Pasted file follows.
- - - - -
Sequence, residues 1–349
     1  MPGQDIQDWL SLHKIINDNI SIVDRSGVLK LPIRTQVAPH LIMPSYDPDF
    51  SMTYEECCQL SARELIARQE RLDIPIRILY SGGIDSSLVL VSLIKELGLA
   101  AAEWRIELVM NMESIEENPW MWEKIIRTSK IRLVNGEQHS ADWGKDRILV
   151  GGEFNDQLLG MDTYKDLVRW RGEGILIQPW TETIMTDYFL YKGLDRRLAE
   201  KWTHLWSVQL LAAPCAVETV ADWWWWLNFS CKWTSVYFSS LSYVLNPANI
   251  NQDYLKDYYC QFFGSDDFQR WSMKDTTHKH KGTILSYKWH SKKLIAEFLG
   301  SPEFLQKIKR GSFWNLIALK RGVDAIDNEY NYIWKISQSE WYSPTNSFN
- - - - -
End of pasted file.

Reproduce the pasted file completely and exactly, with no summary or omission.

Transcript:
Sequence, residues 1–349
     1  MPGQDIQDWL SLHKIINDNI SIVDRSGVLK LPIRTQVAPH LIMPSYDPDF
    51  SMTYEECCQL SARELIARQE RLDIPIRILY SGGIDSSLVL VSLIKELGLA
   101  AAEWRIELVM NMESIEENPW MWEKIIRTSK IRLVNGEQHS ADWGKDRILV
   151  GGEFNDQLLG MDTYKDLVRW RGEGILIQPW TETIMTDYFL YKGLDRRLAE
   201  KWTHLWSVQL LAAPCAVETV ADWWWWLNFS CKWTSVYFSS LSYVLNPANI
   251  NQDYLKDYYC QFFGSDDFQR WSMKDTTHKH KGTILSYKWH SKKLIAEFLG
   301  SPEFLQKIKR GSFWNLIALK RGVDAIDNEY NYIWKISQSE WYSPTNSFN